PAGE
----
HomeArticles / BooksChapter Four – How to choose your Clinic Location

Chapter Four – How to choose your Clinic Location


Your greatest concern when choosing a clinic location will be to ensure that it delivers a five-star experience for your patients. Patients will need to feel that your clinic location is safe and clean and that the supporting services are of the highest quality. The location should be easily accessible by car or public transport and parking should be readily available.

From a practical perspective, a good clinic location should also be convenient for you, ideally easy to reach from your home and your NHS practice so that you can avoid spending too greater a proportion of your valuable time travelling.

Most consultants are clear about where they want to treat their private patients from the outset. This might be a private unit at their NHS hospital or a private hospital that they know well. The model of working that is most commonly used nowadays is to gain practising privileges at the chosen facility and to use consulting rooms on a sessional basis. This is cost-effective, and more clinic sessions can be included as patient demand increases.

If your objective is to create your own facility, then location will be a more complex decision. You will need to allow plenty of time for assessing the ideal location and then considering specific buildings in the proximity of the chosen location, ensuring they have the necessary consent for medical use.

For more guidance on obtaining practising privileges at your chosen location

How to gain practising privileges for your private medical practice

How to gain Insurance Company Recognition for your private practice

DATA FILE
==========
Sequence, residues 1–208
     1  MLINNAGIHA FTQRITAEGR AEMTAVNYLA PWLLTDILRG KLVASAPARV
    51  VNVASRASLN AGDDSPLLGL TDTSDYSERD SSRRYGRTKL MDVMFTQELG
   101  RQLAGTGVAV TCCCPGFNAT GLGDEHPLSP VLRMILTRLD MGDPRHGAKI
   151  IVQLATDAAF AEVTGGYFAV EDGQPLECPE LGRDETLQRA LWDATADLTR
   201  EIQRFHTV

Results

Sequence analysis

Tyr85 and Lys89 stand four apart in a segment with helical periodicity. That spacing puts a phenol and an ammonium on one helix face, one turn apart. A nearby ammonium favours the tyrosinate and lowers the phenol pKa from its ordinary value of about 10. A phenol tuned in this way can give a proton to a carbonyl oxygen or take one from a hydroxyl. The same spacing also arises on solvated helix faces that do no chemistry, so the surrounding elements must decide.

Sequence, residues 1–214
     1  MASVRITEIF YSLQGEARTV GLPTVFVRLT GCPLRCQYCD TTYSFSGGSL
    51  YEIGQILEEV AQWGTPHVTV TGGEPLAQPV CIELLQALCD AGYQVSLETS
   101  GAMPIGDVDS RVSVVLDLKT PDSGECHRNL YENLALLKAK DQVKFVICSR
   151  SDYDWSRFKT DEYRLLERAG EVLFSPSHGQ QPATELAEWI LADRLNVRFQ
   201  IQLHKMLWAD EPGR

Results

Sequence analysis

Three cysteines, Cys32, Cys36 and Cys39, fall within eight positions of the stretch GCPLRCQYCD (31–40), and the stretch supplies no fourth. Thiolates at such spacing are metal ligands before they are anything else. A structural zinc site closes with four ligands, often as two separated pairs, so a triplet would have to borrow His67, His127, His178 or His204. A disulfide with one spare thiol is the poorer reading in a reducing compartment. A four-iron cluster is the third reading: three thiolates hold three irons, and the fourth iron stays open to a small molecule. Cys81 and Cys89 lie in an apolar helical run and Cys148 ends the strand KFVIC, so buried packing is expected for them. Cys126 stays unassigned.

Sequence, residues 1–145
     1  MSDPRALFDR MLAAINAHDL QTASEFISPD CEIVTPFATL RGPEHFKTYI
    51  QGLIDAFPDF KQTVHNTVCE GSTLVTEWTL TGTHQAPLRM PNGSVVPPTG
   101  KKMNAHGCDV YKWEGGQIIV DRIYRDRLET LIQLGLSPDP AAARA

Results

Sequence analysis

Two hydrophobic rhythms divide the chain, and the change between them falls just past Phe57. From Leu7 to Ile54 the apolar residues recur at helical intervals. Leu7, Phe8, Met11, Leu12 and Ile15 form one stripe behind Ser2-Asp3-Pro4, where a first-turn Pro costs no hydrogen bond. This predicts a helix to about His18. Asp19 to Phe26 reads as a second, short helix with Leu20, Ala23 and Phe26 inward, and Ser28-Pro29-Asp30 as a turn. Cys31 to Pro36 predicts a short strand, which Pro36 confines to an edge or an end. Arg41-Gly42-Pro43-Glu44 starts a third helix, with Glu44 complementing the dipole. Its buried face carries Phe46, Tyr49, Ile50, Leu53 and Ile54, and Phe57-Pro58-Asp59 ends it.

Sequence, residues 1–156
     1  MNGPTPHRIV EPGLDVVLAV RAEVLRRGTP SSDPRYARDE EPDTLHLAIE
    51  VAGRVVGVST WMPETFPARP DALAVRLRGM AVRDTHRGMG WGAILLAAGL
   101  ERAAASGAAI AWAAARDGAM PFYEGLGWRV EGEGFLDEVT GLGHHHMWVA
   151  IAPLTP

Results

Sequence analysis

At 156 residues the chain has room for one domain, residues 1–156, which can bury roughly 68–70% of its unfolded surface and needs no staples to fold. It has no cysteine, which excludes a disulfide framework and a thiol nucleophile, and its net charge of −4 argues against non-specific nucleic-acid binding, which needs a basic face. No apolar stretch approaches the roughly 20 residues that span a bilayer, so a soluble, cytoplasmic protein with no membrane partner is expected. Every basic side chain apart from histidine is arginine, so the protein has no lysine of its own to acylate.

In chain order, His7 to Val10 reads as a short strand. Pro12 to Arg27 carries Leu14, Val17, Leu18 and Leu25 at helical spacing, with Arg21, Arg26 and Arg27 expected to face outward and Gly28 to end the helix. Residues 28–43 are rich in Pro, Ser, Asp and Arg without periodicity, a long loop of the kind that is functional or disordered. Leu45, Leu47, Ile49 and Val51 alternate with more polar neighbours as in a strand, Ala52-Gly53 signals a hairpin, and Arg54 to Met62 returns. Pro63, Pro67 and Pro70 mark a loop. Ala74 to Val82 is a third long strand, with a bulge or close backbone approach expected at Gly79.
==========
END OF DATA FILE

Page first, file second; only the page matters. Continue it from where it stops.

In private practice, you are likely to treat patients who are self-pay, insured and those sponsored by an embassy or another similar organisation. You can choose to treat only self-pay if that is your preference and in doing so you have more flexibility with your fee schedule as you can set your fees at a level you are comfortable with, of course ensuring that the fees are acceptable to your patients.

If you plan to treat insured patients, you will need to register with the insurance companies and follow the fee schedule you agree with them. Fortunately, a system for doing this centrally saves you from dealing with each insurance company separately. Healthcode provides a service called The Private Practice Register (PPR) which enables you to upload your documentation and apply for registration with most of the major insurance companies. Once your registration is approved you can also benefit from electronic billing via the Healthcode service.

Many doctors are concerned about working with embassies and it is fair to say that receiving payment promptly can be challenging with some embassies but not all. Generally speaking, it is possible to work well with embassies if you keep very tight control over approvals and payments. Before seeing a patient, you must get a Letter of Guarantee (LOG) in which the embassy gives you a guarantee that they will make payment for the services you provide. Once you submit your invoice to the embassy you may need to chase regularly to ensure payment is made. In our experience embassies will generally take longer to settle invoices than insurance companies so you need to be prepared for a delay.

How to invoice patients for your private practice

How to manage the administration of your private medical practice

Business operations is a term used to describe all the activities an organisation does each day, to keep running successfully. In healthcare, we tend to refer to operations as administration which possibly understates the importance and value of the activities involved. In your private practice, your operations will largely be centred around caring for your patients and delivering a high-quality patient experience. To achieve this you will need systems, processes, and a strong team.